Corruption and the military

18 02 2010

Pravit Rojanaphruk at The Nation (18 February 2010) sees a good side to the GT200 scandal, covered extensively by various newspapers and Bangkok Pundit. Pravit thinks the “GT200 hoax is forcing scientists to encourage Thais to become more rational.” He thinks that “superstition trumps logic in this country.”

He asks: “How else can one explain Army chief General Anupong Paochinda and forensics department chief Pornthip Rojanasunand insisting on using the so-called bomb detectors even though a Science Ministry test had proved that they are basically useless?”

Perhaps another way of looking at the issue is to think that corruption trumps all. In the Thai military, getting a snout firmly lodged in the trough is the most important task for all good generals.

The GT200 and related device purchases have cost Thailand of probably close to 1 billion baht, and that’s not counting the cost of deaths, human rights abuses and harassment that have derived from the use of a divining rod.

Wassana Nanuam (The Bangkok Post, 18 February 2010) points out that army commander Anupong Paojindawas the one who approved the purchase of more than 200 of these so-called bomb detectors at the price of 1.4 million baht each in 2009.

She says that the GT200 was first purchased by the air force in 2005, when future coup leader Air Chief Marshal Chalit Phukpasuk was commander. After that, [2006 coup leader] Gen Sonthi Boonyaratkalin, then army commander and chairman of the Council for National Security (CNS), became impressed with the device. He asked that two of them be sent for trial. They were used at that time by a unit which provided security coverage for then prime minister Surayud Chulanont.

The devices are mainly used in the south where Wassana says the Internal Security Operations Command (Isoc) now employs about 60,000 personnel in the South. The army has put in about 40,000 soldiers from 55 battalions around the country. The budget for the southern operation is more than 100 billion baht a year. A lot of the money has gone into the procurement of weapons.

She then turns to the army’s recent 350 million baht purchase of an advanced zeppelin which the army has named Sky Dragon.” The airship was purchased from the US company, Arial International Cooperation. Wassana explains that the airship is the brainchild of Gen Anupong and his second-in-command, Gen Prayuth Chan-ocha. They envision the airship as a sky-based surveillance and command station.” Leaving aside obvious questions about this assumption, the problem is that the airship can’t do what it is meant to, and there has even been trouble getting it into the air. The airship has seepage holes and it initially costs 2.8 million baht to inflate and then 280,000 baht a month to top-up. There has been considerable criticism.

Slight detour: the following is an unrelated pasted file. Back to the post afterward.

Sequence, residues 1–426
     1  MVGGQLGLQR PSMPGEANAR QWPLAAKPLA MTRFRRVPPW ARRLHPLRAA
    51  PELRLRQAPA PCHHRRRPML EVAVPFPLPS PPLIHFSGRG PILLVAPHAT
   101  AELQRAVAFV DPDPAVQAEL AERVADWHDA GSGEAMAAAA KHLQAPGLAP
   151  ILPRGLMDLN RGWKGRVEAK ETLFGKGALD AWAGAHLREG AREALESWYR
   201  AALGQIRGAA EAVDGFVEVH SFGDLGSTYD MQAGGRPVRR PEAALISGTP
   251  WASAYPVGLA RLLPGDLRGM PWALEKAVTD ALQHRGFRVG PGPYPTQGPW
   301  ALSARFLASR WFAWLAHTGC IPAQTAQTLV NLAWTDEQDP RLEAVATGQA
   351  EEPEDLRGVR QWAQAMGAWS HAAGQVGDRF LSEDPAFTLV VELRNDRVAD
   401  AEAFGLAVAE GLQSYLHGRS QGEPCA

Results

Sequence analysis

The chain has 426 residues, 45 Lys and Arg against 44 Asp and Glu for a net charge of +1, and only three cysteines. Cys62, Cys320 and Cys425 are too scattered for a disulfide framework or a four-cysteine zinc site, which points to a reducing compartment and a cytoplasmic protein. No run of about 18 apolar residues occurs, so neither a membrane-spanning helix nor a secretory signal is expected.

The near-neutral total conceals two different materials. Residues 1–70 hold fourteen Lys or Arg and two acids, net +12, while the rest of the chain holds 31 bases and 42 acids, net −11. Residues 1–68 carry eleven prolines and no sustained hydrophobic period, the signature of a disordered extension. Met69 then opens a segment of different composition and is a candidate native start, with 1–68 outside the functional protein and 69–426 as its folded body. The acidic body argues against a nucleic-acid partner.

The army decided to put on a show two weeks ago that was meant to deflect criticism. Thai PBS dutifully carried a long and generally positive report on this show. However, even the show flight was a failure and, according to Wassana, it remains in a hanger.

General Anupong had reportedly agreed to purchase three airships for the army. Wassana asks: is it a bigger sham than the GT200?” Maybe she meant “scam”?

At Bangkok Pundit on 6 February 2010, a comment was added by Reg, encouraging Bangkok Pundit to look into the zeppelin case. “Reg” stated: Why this machine and not drones as used almost everywhere else for this kind of recon work? What’s the track record of this model? What’s the price paid elsewhere? Have you seen dirigibles used in other insurgency situations? Seems like there’s a smell there as soon as it is wheeled out. A quick Google seems to suggest that this is a Thailand first (a manned airship for counter-insurgency).

Correspondent “Reg” then turns to the company involved and its website. He says: “Note its last stock trade was 1 cent. Have a look through the site and see if you have doubts about the company founded in mid-2008 and with 12 employees. How on earth did the RTA [Royal Thai Army] even know about them? It seems that one of the principals had previous experience with the RTA. According to their press releases, the RTA is their only client. It also seems that they are agents for the real manufacturers .

Reg concludes: “I remain suspicious, but maybe that’s just because everything the military buys involves commissions etc. But, hey, you might want to congratulate the RTA for a 10 million dollar gamble that might show the world of counter-insurgency the way forward via a penny company.

PPT agrees with Reg; there is a smell and the odor is money and corruption.

On a broader note, these are just examples of what happens when a military is politicized, when it runs a coup, and then has its budget increased by leaps and bounds. This is why there are so many very wealthy generals. This is what happens when a government owes its position to the military. The generals are in charge and they are hauling in the loot as fast as they can.

There are plenty of other examples. Just today the navy is reported to want two used submarines. Maybe they can dock them next to the used and idle aircraft carrier they bought several years ago, with planes that no longer fly.

Forget superstition, the beliefs driving these events are power, arrogance and filthy lucre.


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